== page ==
Belfast, Ireland--Andor iKon-M cameras are at the heart of a newphotoelectron-photoion coincidence (TPEPICO) velocity imaging technique that can determine the formation pathways of global-warming nitric oxide gases.Andor says that despite its low atmospheric concentration and comical connections, nitrous oxide is no laughing matter and is in fact the fourth largest contributor to global warming behind water vapor, carbon dioxide, and methane, and has replaced CFCs as the dominant ozone-depleting substance emitted by humans--a situation, they say, that is unlikely to change throughout the 21st Century.
Stratospheric ozone is regulated by nitric oxide, formed when nitrous oxide reacts with oxygen atoms. However, even though extensive experimental studies into this reaction have been conducted, the photodissociation mechanism of nitrous oxide, the kinetic energy and internal state distributions of fragments, and the angular distributions of fragment ions are still unclear.
But those mechanisms are becoming better understood thanks to a team working at China's National Synchrotron Radiation Laboratory at Hefei that has used the TPEPICO velocity imaging technique to determine the formation pathways of nitric oxide; the corresponding vibrational state distributions of NO+ have also been identified for every dissociation channel.
"Ultra low noise performance is vital in our work on the photodissociation dynamics of ions," says one of the lead researchers, Xiaoguo Zhou. "At the heart of the experimental apparatus is Andor's thermoelectrically cooled iKon-M 934 camera. Compared to cameras normally used in ion imaging experiments, the Andor camera offered very much lower read noise and high sensitivity over accumulation periods of up to 60 minutes. We also used the Andor Solis software supplied with the camera to process the images. For instance, we would often need to subtract the background and Solis processed the images easily and quickly."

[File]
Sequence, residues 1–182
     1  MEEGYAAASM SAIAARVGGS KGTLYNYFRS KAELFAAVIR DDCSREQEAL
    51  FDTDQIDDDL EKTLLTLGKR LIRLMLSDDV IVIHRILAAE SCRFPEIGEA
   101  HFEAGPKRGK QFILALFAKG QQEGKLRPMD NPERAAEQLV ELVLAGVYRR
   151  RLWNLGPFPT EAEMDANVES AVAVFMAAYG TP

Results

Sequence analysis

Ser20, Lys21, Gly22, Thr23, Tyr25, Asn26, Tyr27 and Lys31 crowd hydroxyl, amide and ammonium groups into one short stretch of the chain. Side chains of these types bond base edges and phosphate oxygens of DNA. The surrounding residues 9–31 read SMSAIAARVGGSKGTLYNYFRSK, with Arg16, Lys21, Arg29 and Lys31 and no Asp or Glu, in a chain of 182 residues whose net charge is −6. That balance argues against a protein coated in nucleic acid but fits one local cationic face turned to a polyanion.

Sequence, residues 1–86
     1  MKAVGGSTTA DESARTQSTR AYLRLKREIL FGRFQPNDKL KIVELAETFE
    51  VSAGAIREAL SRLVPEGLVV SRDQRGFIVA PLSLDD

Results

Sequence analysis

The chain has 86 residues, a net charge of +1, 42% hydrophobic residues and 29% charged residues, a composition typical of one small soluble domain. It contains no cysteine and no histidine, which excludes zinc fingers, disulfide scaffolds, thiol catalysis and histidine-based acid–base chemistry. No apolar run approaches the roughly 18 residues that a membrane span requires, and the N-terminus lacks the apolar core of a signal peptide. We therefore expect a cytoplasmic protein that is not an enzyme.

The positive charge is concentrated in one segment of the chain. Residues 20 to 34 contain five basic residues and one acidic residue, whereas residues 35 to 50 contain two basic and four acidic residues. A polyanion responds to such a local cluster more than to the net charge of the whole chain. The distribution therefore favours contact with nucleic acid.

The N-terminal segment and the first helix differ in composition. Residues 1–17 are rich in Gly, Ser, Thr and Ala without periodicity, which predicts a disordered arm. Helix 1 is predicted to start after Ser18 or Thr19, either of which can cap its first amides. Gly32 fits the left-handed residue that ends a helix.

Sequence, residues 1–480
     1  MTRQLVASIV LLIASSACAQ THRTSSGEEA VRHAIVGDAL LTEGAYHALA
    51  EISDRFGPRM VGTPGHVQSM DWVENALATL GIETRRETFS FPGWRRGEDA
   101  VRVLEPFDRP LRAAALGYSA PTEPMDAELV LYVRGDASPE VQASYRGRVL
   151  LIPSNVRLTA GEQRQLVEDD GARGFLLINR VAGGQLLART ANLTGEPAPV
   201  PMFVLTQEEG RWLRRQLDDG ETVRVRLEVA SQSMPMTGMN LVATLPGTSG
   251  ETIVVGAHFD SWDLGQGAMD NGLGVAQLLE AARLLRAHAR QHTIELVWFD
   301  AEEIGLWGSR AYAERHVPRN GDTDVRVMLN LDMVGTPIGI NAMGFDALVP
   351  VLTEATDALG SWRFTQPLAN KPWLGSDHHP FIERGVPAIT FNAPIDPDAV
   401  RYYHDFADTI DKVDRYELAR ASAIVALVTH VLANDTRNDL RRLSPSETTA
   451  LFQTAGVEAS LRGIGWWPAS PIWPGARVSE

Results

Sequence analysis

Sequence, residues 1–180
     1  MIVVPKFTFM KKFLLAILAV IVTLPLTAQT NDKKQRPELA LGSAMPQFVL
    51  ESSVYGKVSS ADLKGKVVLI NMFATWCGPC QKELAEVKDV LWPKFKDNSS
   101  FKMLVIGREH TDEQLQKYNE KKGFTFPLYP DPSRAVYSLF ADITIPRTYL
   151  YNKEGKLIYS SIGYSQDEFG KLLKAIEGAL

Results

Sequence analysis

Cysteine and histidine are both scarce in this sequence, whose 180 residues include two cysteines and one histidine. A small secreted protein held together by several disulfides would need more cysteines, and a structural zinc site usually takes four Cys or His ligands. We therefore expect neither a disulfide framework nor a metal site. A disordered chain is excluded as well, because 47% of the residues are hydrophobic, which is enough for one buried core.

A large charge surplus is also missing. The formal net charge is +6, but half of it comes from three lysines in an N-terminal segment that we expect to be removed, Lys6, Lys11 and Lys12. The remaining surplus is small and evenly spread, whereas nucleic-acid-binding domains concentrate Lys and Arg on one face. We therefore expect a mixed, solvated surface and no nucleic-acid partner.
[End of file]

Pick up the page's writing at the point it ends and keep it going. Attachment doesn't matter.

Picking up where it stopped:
The TPEPICO apparatus was set up at the synchrotron’s U14-A beam line and a continuous supersonic molecular beam of pure N2O gas introduced into the photoionization region through a homemade 30 micron diameter nozzle. Photoelectrons and photoions were collected through a special ion lens to map their velocity images simultaneously and the coincident photoions projected onto a dual microchannel plate backed by a phosphor screen where the Andor DU934N-BV TE-cooled CCD detector recorded the images. By applying a pulsed high voltage on MCP as the mass gate, the three-dimensional (3D) time-sliced image of ions was obtained.
Andor's iKon-M 934 series high-resolution CCD cameras have 95% maximum quantum efficiency (QE), high dynamic range, 13 μm pixels, and exceptionally low readout noise, with negligible dark current and thermoelectric cooling down to -100°C.
IMAGE: A new technique is shedding light on global warming gases:3D time-sliced coincidence images of nitrous oxide and total kinetic energy released distributions at different vibronic levels are shown. The electric vector E of synchrotron radiation is noted as the vertical direction of the image plane, where (a)–(c) are recorded at 20.100, 20.260, and 20.390 eV, respectively, and corresponding to the C(0,0,0), C(1,0,0), and C(0,0,1) vibronic levels. Least-squares fitting of the total KERD curves with two gaussian profiles are plotted with the solid line. This data, which is acquired with the help of an Andor iKon-M camera, is used to gain a better understanding of the characteristics, origins, and concentrations of global-warming gases like nitrous oxide. (Courtesy Andor)